It was interesting to hear those same songs over and over at different gigs, and how they would change. They’d be faster or slower, the mood often would change with how you would emphasize the lyrics. It was interesting to me to hear that because I had not heard performances repeatedly like that.

Three gigs within a month or two was a big deal for us. To commemorate such a frantic occurrence in 1987, Gretchen Schafer designed this T-shirt map depicting the venues in Portland, Maine, that hired us: Zootz, the Tree and the Marble Bar.

Shortwave Radio” was always very striking to me. It’s a really percussive song, and I thought that was interesting. That was probably a huge standout for me. “Je t’aime” is a great song, so sophisticated. Those Ken songs, like “Dumb Models” — I thought that was so funny. It was so apropos, and it was such an unapologetically boy view of things. The stripper song, “Entertainer.”

I always liked the postmortem after the gigs. We’d bring the equipment back, and there’d always be that little period of just hanging around for a few minutes, talking it over in the dark. It would be late at night. There was always the rating system: Ken would say, “Well, how do you think it went?” It was a scale of 1 to 10. Everybody would have to give their number.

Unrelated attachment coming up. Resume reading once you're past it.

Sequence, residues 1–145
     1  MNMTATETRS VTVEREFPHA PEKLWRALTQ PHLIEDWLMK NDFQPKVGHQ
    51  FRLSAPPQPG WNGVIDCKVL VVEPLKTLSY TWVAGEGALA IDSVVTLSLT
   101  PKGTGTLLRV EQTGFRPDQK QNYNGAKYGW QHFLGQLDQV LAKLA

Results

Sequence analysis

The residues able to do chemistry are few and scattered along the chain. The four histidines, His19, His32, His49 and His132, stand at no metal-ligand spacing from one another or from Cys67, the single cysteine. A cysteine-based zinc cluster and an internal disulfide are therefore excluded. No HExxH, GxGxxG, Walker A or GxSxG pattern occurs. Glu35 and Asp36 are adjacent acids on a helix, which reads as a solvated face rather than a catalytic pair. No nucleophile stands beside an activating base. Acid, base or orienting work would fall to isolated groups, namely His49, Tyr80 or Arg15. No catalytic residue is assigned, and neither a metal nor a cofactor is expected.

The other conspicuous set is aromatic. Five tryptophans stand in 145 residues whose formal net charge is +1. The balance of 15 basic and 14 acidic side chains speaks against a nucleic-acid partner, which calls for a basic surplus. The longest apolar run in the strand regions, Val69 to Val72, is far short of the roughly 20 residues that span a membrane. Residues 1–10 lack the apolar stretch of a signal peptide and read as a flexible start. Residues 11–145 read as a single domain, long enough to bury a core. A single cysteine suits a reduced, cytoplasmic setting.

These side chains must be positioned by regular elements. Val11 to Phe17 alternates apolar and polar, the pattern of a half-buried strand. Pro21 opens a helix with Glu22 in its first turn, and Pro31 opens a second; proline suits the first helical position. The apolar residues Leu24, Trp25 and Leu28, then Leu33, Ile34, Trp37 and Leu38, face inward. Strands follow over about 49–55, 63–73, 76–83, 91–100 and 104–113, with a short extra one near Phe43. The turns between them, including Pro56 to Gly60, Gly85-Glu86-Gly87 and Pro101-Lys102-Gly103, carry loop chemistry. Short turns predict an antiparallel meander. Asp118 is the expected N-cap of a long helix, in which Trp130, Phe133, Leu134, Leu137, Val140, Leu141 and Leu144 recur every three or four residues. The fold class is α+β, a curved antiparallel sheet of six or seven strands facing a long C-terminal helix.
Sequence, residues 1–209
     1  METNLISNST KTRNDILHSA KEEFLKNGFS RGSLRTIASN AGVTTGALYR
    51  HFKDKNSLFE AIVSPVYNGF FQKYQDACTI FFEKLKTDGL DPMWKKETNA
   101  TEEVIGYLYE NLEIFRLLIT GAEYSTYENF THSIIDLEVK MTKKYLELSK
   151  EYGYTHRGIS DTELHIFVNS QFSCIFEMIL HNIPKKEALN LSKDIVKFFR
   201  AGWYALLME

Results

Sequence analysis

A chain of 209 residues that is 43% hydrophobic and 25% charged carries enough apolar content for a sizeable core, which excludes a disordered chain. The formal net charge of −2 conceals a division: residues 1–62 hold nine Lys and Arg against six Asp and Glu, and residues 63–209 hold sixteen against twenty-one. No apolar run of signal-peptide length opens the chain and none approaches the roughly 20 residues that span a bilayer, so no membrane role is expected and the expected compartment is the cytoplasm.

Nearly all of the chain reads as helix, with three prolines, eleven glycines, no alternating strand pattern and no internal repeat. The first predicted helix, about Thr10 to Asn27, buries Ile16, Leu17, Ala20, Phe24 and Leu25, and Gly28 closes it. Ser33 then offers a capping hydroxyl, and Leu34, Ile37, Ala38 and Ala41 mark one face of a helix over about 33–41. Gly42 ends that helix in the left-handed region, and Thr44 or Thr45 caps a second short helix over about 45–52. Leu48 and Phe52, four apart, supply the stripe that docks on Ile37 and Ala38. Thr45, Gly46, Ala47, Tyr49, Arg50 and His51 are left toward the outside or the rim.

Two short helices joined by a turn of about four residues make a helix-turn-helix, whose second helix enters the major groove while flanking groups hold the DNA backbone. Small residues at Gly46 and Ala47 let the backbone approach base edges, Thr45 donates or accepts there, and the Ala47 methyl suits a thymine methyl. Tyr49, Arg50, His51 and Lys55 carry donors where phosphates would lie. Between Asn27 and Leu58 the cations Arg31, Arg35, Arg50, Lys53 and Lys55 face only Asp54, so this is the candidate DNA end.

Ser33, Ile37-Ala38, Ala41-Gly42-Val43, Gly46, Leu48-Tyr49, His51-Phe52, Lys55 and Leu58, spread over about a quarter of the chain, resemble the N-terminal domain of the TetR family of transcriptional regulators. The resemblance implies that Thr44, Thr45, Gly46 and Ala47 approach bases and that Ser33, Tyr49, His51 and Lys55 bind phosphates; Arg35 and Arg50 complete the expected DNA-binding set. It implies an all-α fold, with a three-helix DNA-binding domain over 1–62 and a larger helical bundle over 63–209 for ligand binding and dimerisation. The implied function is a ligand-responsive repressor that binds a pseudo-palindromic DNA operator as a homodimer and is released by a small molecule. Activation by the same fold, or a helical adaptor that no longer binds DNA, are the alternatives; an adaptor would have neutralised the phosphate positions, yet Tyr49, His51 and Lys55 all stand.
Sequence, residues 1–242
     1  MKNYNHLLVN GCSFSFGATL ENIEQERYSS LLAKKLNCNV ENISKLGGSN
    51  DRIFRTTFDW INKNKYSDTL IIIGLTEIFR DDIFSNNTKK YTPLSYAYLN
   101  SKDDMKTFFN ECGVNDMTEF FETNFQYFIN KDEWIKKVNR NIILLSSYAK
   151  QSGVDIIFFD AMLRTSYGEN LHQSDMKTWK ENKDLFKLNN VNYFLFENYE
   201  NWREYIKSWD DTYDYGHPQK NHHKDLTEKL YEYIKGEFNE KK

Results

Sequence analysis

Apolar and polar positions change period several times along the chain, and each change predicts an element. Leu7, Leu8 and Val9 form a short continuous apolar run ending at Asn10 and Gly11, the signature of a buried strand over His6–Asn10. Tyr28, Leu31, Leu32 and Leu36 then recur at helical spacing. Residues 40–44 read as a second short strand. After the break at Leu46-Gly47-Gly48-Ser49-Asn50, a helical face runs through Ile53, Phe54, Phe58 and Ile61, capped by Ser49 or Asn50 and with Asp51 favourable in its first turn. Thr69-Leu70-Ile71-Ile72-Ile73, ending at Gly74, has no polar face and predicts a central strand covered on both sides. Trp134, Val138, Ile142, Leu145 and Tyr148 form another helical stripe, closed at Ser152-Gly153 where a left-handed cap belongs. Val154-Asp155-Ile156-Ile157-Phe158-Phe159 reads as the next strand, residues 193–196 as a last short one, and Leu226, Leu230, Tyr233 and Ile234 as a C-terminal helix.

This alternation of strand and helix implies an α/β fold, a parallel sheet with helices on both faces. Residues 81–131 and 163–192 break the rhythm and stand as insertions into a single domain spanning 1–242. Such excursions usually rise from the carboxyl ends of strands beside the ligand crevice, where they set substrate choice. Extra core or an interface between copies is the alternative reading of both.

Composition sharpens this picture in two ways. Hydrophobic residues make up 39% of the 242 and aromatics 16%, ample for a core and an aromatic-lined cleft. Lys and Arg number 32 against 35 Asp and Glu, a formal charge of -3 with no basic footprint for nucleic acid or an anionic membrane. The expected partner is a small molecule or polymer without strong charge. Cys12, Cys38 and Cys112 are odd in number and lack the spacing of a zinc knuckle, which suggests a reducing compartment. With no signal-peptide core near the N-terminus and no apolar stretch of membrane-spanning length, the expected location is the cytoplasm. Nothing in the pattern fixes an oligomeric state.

And the whole divvying up of the money after a gig. Alden would always want to refuse his share, and you’d all have to force him to take some.

The Fashion Jungle as a band changed so much over time. It was interesting to see the rotating personnel piece of it. It had never occurred to me that there would be this changing cast of characters, and that somebody would continue to try to put it together again — “Are we going to actually try to replace that person? Are we just going to function as we are?” — and how that drove the music and how you presented yourselves.

Gretchen Schaefer, Dan Knight and Jeff Stanton at Frosty’s doughnut shop, Brunswick, July 1985. We were in Brunswick to see a solo concert at Bowdoin College by Richard Thompson, who was wearing a pink suit that clashed quite splendidly with his red hair. Having interviewed Thompson for a Portland Press Herald advance a few weeks earlier, I felt entitled to corner him backstage and force an FJ tape on him. (Doug Hubley photo)

Reading about other bands afterward, it made a lot more sense to me, having seen it firsthand, how difficult it is to keep a group of people all going in the same direction for very long, especially people at a really volatile time of life. You were all in that young adult time, where people were making pretty big life decisions that affected the band.


Jeff Stanton: Road manager, staff photographer-videographer

The Fashion Jungle (1981–89) / The Cowlix (1989–94) / The Boarders (1994–96) / Howling Turbines (1997–2004) / Day for Night (2007–)